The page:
- A medication that causes alcohol intolerance has been started. This is often related to an antibiotic called metronidazole (Flagyl), but other medicines may also cause this.
- It is not actually alcohol intolerance; rather, it is an alcohol allergy that has suddenly started. Allergies can develop suddenly and unpredictably.
Testing for Alcohol Intolerance
There is no specific test used to evaluate alcohol intolerance. However, genetic testing can determine whether you have the genes associated with lifelong, inherited alcohol intolerance. Testing for alcohol allergies can also help to rule out alcohol intolerance as a possibility.
The diagnosis of alcohol intolerance is usually made by ruling out alcohol allergy as a cause of these symptoms. It also involves evaluating the symptoms that occur and how connected they are to alcohol use.
Can Alcohol Intolerance Be Treated?
Alcohol intolerance cannot be eliminated if it is caused by genetics. While there are medicines that can reduce some of the symptoms of alcohol intolerance, they will still be present. Using alcohol when you have alcohol intolerance can lead to chronic acetaldehyde exposure; this is associated with health concerns such as an increased risk of cancer and other problems. Someone with genetic alcohol intolerance will generally be discouraged from ever using alcohol.
If alcohol intolerance is due to the use of a medication, it is much easier to treat. In these cases, alcohol should be avoided while taking the medicine, or the medicine should be changed. This should quickly resolve any problems caused by the medicine.
Best Alcohol for Alcohol Intolerance
Many people who have alcohol intolerance will wonder about what alcoholic drinks they can use. If it is a true alcohol intolerance, the amount of alcohol will be the sole factor that affects how a drink impacts you. Ultimately, it will be best to avoid alcoholic drinks and use non-alcoholic alternatives. If you choose to use alcohol, using lower-proof beverages is best.
If an alcohol intolerance is actually an alcohol allergy, then the best alcoholic beverages to use will be those that do not contain anything that you are allergic to. You may wish to consult with your doctor to help you figure out what drinks you are least likely to be allergic to.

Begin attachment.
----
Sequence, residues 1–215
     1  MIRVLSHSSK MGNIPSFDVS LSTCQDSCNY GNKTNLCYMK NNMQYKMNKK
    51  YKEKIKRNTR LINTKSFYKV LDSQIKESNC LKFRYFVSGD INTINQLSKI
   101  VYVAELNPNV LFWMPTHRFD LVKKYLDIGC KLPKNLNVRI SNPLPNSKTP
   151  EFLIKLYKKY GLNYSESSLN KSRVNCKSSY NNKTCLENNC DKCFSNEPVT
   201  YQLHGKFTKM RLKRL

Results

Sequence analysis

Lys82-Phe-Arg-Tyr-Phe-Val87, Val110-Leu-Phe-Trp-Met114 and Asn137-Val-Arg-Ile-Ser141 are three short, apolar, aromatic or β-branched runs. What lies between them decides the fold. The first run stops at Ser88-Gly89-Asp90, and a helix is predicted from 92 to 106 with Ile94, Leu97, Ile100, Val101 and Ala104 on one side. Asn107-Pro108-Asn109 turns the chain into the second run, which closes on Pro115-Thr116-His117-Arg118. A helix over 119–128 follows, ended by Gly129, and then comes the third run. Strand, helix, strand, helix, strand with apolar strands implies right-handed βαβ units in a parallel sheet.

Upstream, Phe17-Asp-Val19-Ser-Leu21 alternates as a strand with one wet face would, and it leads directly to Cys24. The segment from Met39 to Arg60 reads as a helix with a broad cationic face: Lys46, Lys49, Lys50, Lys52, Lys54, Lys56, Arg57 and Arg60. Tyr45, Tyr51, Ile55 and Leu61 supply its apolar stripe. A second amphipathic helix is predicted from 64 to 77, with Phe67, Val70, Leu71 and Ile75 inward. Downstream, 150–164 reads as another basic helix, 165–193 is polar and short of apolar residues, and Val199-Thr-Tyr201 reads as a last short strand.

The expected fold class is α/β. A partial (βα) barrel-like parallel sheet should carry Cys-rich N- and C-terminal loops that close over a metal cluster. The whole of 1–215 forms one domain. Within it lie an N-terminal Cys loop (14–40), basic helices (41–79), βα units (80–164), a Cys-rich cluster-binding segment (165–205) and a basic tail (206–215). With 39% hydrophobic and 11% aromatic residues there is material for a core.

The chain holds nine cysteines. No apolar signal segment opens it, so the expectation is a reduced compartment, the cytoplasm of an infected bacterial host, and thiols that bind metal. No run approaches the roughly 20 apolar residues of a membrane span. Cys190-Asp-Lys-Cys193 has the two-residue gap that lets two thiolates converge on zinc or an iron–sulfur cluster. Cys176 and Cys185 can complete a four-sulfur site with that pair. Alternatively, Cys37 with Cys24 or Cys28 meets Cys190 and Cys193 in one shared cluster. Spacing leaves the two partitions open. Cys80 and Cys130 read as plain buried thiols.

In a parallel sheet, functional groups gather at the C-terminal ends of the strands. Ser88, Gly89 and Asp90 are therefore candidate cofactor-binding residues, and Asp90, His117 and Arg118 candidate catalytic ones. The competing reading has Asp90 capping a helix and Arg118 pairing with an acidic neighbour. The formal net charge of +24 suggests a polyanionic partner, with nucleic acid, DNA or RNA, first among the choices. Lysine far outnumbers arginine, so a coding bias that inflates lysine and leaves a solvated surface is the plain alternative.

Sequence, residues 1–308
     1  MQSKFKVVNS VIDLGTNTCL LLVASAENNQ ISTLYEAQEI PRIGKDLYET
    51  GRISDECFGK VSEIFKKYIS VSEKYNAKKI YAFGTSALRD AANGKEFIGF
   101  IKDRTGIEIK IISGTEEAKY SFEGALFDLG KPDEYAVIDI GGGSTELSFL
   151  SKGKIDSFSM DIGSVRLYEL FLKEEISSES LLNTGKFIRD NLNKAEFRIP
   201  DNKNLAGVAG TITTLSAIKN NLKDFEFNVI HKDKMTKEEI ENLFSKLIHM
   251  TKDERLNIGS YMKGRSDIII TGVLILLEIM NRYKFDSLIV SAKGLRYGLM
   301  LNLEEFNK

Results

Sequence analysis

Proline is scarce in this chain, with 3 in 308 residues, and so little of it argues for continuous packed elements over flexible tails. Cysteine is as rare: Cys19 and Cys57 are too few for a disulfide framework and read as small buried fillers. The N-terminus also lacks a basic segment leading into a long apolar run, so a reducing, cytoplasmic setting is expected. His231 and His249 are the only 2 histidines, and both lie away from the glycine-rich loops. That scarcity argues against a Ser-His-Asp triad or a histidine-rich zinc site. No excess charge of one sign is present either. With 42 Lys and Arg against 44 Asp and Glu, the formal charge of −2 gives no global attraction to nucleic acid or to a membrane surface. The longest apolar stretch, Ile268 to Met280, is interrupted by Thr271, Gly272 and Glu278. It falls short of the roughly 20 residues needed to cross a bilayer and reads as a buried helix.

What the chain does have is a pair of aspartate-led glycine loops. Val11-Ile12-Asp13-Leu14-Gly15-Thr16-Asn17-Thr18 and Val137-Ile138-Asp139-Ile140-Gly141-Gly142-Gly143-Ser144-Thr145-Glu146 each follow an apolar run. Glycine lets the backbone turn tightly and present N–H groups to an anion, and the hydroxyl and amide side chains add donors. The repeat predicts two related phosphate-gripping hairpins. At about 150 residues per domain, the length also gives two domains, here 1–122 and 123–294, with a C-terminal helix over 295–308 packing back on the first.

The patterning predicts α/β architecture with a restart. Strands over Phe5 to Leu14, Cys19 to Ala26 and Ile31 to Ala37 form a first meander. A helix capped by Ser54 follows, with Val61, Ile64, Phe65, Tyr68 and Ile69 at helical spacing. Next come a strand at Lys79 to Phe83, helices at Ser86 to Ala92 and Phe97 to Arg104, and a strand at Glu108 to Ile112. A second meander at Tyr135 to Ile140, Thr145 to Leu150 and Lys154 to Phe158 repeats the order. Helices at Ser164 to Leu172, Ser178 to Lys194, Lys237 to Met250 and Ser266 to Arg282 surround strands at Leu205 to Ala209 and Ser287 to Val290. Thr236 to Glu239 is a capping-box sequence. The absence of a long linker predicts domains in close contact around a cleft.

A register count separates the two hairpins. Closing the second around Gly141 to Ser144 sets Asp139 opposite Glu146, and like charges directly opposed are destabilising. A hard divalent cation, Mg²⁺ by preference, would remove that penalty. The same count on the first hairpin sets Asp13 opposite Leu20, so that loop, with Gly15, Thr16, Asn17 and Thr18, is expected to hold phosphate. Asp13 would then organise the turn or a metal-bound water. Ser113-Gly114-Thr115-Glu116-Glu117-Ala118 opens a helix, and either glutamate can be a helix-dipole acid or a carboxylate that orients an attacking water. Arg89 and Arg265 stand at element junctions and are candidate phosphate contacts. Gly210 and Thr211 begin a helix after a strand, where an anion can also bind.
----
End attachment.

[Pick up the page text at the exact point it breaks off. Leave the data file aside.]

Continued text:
If you or someone you love is struggling to stop drinking despite the unpleasant symptoms of alcohol intolerance, Orlando Recovery Center can help. Contact us today to learn more about alcohol abuse and addiction treatment programs that can work well for your needs.
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Australasian Society of Clinical Immunology and Allergy. “Alcohol Allergy.” 2019. Accessed June 16, 2022.
National Organization for Rare Disorders. “NIH GARD Information: Acute alcohol sensitivity.” Accessed June 16, 2022.
Soghoian, Samara. “Disulfiram Toxicity.” Medscape, May 16, 2022. Accessed June 16, 2022.
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The Recovery Village aims to improve the quality of life for people struggling with a substance use or mental health disorder with fact-based content about the nature of behavioral health conditions, treatment options and their related outcomes. We publish material that is researched, cited, edited and reviewed by licensed medical professionals. The information we provide is not intended to be a substitute for professional medical advice, diagnosis or treatment. It should not be used in place of the advice of your physician or other qualified healthcare provider.